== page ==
It’s been a long time since I’ve written about a film on here. It’s been just as long since I’ve seen a film as haunting as “We need to talk about Kevin”.
My sister lent me the book whilst we were in Spain this week. I wasn’t overly impressed with it, considering how critically acclaimed it is. I stuck with it for a few days until I decided that for me the story just doesn’t work in book format. So today I watched the film with high hopes that the medium I love could do the story justice.
A quick synopsis *including spoilers*. Eva is an independent career-driven woman that although un-wanting of children, ends up getting pregnant with Kevin. Even in the birth Eva feels no attachment to the baby, that doesn’t change as he grows and ultimately leads to a disconnected relationship in which Kevin manipulates his mother and they form an unusual relationship that is as intensely close as it is distant.
Kevin’s character is everything you’d expect a psychopath to be, even as a young child: endearing yet dangerous, manipulative, charming, controlling and with an obscene amount of self-worth. Throughout the film Kevin commits small violent acts that lead up to the pivotal part of the story, Kevin kills fellow students in a high-school massacre.
In western culture and particularly in America, school shootings are sadly a common occurrence. With such a sensitive and important subject to consider I think this film was made with great taste and respect.
There is no big event to witness in the film, the killing is not glamourised or even shown, instead we are given the in-between moments. Meaning that we spend most of our time reflecting on Kevin’s actions through his mothers eyes. The amount of silence in this film is perfect to let us absorb such a serious topic and think about its application in real life.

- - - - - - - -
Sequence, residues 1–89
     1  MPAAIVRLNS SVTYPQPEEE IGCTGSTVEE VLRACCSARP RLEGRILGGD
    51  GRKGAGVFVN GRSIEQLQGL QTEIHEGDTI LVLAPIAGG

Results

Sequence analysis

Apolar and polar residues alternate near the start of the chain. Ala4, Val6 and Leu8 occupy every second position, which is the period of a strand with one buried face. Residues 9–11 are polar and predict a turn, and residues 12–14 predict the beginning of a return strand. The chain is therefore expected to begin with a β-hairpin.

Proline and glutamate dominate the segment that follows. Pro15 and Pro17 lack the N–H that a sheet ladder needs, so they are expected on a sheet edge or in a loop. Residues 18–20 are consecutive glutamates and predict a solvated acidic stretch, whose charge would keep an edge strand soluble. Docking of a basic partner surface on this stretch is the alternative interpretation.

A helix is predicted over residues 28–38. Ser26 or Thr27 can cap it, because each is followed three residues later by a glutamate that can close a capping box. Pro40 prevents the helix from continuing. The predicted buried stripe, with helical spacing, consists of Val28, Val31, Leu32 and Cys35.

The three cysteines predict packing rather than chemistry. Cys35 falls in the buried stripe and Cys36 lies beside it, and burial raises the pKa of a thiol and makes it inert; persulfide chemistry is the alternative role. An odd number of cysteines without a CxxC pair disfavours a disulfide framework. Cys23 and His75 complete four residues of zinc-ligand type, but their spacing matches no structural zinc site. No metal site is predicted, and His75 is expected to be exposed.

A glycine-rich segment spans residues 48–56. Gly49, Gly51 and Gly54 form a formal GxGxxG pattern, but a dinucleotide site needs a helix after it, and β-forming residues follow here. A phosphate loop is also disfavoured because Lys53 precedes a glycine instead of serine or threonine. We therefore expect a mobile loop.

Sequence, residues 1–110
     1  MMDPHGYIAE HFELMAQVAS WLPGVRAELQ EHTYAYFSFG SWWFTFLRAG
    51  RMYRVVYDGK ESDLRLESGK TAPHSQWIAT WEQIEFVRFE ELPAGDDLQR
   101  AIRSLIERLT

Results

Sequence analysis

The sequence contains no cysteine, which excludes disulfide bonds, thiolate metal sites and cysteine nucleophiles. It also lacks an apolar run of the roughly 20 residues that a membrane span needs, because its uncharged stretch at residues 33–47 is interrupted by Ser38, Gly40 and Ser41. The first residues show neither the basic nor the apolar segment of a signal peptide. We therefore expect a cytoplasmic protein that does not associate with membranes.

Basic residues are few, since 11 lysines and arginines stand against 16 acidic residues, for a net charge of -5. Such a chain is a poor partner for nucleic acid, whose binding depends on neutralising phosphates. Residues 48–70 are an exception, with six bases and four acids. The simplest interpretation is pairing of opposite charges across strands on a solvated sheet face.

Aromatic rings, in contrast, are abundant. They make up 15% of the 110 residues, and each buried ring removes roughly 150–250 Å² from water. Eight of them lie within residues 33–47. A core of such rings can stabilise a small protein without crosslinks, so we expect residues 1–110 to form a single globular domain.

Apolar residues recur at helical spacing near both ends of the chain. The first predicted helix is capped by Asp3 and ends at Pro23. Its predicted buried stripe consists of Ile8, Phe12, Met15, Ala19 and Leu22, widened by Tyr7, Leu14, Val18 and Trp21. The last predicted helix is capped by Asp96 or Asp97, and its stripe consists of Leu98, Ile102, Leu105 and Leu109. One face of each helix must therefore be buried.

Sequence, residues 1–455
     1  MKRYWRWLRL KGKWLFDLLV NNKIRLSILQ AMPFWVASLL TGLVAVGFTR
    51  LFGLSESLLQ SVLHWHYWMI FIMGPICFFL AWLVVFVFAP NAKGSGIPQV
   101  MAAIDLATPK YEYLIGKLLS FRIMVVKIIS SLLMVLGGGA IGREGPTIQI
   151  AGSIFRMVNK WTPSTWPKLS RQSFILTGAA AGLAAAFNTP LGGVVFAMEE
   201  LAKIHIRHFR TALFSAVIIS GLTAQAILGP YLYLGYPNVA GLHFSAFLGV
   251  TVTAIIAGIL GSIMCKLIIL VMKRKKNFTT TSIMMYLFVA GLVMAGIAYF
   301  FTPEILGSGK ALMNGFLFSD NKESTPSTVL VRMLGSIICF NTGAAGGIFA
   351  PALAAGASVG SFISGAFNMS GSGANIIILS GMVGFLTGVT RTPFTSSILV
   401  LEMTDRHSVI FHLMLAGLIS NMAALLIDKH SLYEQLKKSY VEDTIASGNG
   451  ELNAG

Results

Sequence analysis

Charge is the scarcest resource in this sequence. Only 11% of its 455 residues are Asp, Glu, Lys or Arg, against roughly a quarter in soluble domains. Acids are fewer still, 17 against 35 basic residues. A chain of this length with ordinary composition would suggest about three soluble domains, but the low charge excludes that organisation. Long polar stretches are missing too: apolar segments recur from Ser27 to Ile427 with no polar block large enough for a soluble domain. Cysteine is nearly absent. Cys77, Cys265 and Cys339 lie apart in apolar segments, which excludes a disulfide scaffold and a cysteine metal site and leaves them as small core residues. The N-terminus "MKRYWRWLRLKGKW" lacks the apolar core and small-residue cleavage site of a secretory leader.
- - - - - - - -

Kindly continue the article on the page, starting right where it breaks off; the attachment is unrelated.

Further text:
Tilda Swinton’s performance in this film is outstanding. She conveys so much through her subtle facial expressions that a huge amount of dialogue isn’t needed. This great performance teamed with Ezra Miller’s (Kevin) acting, the beautiful cinematography and tense soundtrack makes this a film that I know will stick with me throughout my life.
In a summer where every blockbuster is a sequel or comic-adaption (don’t get me wrong I enjoy them, but they are only surface deep and quickly forgotten) this came into my life at the perfect time to remind me of what film is like at its best and how it can turn such a horrific subject into beautiful art that will never loose its original impact.
Here’s some professional, fan and official artwork that capture the intense relationship between an “unconventional” mother and her murdering son…